In patent claims, the singular definite articles “a” and “an” are construed to mean “one or more” unless the claims, specification, or prosecution history clearly suggest otherwise.

The patentee of technology that enables computers to access one another remotely via the Internet brought suit against an alleged infringer. The district court construed the crucial claim term “location facility” as a multifunctional component contained on a single physical computer. Because the alleged infringer’s technology spread the functionalities of the “location facility” across multiple computers, the district court granted summary judgment of noninfringement.

The Federal Circuit vacated the district court’s decision. Reviewing the construction of “location facility” de novo, the Federal Circuit concluded that the district court improperly interpreted the patent’s use of singular articles and pronouns to mean that the functions of the “locator facility” had to be performed on a single computer. In patent claims, the words “a” and “an” carry the meaning, “one or more,” even if later portions of the patent refer back to the claims using definite articles. This rule of construction applies unless the claims, specification, or prosecution history clearly necessitate a departure; mere ambiguity or inconsistent usage of the singular and plural is insufficient to overcome application of the general rule.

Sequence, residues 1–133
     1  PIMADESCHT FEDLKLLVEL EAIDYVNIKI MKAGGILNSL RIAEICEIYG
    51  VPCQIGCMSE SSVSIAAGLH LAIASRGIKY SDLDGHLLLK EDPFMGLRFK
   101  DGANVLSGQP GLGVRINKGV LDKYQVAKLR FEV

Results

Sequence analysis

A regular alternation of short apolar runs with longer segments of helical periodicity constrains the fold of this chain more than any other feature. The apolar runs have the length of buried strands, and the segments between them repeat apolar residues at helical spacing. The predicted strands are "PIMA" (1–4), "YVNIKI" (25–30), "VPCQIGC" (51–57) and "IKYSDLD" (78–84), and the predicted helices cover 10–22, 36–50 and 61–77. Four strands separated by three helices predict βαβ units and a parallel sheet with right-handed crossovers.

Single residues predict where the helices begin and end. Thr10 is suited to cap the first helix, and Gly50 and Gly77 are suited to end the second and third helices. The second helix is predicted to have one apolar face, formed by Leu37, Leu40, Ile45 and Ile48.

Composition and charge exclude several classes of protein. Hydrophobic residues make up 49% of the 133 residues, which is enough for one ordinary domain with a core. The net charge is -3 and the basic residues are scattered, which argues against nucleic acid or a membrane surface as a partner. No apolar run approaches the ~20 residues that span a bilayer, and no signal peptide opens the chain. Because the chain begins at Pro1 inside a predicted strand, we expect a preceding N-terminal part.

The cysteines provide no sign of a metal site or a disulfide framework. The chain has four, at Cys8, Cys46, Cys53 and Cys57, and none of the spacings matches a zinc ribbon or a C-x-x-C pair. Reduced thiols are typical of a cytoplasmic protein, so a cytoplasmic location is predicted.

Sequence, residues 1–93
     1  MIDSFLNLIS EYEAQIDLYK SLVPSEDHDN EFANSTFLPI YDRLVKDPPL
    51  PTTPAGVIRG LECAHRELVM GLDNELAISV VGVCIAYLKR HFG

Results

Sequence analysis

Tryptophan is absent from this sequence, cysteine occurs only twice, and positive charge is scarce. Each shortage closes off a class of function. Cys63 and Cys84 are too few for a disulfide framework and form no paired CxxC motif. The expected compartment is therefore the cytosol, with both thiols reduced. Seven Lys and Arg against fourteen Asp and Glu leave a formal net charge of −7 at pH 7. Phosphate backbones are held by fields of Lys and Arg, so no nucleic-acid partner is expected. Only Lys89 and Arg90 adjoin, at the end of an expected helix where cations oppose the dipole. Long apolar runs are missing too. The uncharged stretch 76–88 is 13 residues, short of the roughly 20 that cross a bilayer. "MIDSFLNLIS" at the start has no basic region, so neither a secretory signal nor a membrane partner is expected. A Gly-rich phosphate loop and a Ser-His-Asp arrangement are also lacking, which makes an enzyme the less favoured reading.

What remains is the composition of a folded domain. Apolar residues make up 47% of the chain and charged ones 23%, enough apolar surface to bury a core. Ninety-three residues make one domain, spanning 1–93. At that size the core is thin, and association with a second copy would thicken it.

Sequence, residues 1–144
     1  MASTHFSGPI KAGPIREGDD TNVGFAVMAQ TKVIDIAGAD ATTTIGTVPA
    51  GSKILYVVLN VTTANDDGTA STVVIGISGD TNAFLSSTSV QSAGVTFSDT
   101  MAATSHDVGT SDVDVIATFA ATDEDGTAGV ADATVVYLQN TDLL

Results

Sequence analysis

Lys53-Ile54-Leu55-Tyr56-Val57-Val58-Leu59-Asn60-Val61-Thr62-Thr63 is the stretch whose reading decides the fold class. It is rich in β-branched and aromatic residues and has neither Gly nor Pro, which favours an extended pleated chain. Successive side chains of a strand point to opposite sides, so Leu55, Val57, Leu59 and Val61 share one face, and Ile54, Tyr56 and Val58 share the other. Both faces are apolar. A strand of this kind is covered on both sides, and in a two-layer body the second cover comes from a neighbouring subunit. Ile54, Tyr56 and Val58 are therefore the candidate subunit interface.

The Federal Circuit also rejected the alleged infringer’s arguments that the patentee had disclaimed a multiple-location “location facility” during an inter partes reexamination of the patent. The expert statements the alleged infringer relied on did not address whether the “location facility” could be distributed across several computers. Additionally, the patentee’s cancellation of one of several claims disclosing multiple locator server computers did not undermine the examiner’s finding that the specification “clearly” contemplated the use of more than one physical computer.

A copy of the opinion can be found here.